In China, US firms feeling ‘Snowden Effect’

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iol scitech nov 1 IBM AFP In addition the company is opening up three new cloud computer facilities of its own in Germany, Mexico and Japan.

Beijing - Battling a perfect storm of government suspicion and pricing probes in China, US technology companies are having to re-think how they sell hardware and services in the world's second-biggest economy.

US multinationals, including IBM, Cisco Systems and Qualcomm, are looking to settle price-gouging investigations and restore trust with Chinese regulators in the wake of reports that US government agencies directly collect data and tap networks of the biggest domestic technology companies.

All US IT firms are “on the defensive” in China, said Scott Kennedy, director of the Research Centre for Chinese Politics and Business at Indiana University. “They are all under suspicion as either witting or unwitting collaborators in the US government's surveillance and intelligence gathering activities.”

Former National Security Agency (NSA) contractor Edward Snowden's revelations about US government surveillance may cost US technology firms billions of dollars in lost sales, analysts say. The US cloud computing industry alone may lose as much as $35-billion in worldwide sales over the next three years, the Information Technology & Innovation Foundation (ITIF), a Washington, DC-based non-profit think-tank, estimates.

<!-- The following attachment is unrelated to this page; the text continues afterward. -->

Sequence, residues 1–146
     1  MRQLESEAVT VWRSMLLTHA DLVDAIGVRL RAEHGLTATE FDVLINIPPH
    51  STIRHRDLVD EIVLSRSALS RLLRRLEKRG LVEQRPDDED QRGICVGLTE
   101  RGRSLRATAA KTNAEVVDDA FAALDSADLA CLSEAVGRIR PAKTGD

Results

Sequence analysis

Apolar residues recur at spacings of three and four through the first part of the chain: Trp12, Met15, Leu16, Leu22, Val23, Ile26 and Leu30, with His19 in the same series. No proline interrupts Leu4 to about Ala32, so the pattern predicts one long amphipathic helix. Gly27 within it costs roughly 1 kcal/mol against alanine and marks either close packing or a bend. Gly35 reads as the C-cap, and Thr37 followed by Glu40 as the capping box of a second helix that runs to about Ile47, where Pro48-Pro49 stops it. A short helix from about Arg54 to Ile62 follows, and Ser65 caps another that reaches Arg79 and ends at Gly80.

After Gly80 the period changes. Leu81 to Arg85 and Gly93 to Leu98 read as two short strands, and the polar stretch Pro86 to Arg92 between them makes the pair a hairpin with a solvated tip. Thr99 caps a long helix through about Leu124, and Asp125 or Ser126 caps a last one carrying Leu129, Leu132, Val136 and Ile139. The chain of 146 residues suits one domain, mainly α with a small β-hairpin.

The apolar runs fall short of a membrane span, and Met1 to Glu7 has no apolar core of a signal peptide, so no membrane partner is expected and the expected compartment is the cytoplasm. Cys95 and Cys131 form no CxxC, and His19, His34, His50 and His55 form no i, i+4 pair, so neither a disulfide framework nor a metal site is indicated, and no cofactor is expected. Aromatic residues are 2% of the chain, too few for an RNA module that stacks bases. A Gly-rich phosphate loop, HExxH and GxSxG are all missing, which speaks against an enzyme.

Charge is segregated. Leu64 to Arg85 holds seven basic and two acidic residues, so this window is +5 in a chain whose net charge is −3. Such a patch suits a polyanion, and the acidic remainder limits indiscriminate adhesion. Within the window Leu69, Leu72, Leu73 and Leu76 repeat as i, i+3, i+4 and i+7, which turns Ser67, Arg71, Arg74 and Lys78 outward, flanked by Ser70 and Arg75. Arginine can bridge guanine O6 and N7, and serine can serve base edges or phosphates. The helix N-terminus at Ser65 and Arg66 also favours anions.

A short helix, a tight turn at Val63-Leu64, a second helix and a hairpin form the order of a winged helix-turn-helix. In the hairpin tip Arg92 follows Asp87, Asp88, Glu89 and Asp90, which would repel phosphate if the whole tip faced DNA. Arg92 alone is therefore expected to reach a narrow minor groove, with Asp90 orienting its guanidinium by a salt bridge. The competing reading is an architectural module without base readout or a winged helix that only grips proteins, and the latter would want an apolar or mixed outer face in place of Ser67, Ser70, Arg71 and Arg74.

“The ability of US companies to sell abroad has been seriously compromised by foreign customer concerns about the relationship between the US intelligence community and the tech sector,” said Daniel Castro, a senior analyst at ITIF.

Nowhere is the so-called 'Snowden Effect' expected to have greater impact than in China, says Sanford C. Bernstein analyst Toni Sacconaghi. “US technology companies face the most revenue risk in China by a wide margin, followed by Brazil and other emerging markets,” he wrote in a research note this month. - Reuters

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